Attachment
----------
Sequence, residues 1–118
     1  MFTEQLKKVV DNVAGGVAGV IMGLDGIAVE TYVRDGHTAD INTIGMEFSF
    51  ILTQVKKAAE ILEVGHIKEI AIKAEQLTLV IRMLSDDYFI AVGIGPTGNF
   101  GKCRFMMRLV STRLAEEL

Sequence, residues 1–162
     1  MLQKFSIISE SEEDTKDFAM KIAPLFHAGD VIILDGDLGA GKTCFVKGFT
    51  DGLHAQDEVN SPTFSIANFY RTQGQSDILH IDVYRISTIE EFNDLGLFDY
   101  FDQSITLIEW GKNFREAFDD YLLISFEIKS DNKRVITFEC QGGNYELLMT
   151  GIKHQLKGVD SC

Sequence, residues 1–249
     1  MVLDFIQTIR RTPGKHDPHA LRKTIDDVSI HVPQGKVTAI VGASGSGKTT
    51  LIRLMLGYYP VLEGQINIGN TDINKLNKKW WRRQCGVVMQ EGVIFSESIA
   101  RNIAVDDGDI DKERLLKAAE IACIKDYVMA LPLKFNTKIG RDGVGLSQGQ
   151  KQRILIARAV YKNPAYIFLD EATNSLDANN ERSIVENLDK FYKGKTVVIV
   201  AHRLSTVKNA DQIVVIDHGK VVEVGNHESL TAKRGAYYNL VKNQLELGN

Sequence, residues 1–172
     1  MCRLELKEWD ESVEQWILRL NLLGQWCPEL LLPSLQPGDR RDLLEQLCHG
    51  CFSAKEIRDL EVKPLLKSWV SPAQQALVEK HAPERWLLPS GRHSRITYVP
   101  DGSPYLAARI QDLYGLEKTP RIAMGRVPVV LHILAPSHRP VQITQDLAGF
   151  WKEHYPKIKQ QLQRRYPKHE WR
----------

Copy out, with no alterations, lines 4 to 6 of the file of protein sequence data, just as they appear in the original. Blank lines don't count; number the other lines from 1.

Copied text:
   101  GKCRFMMRLV STRLAEEL

Sequence, residues 1–162
     1  MLQKFSIISE SEEDTKDFAM KIAPLFHAGD VIILDGDLGA GKTCFVKGFT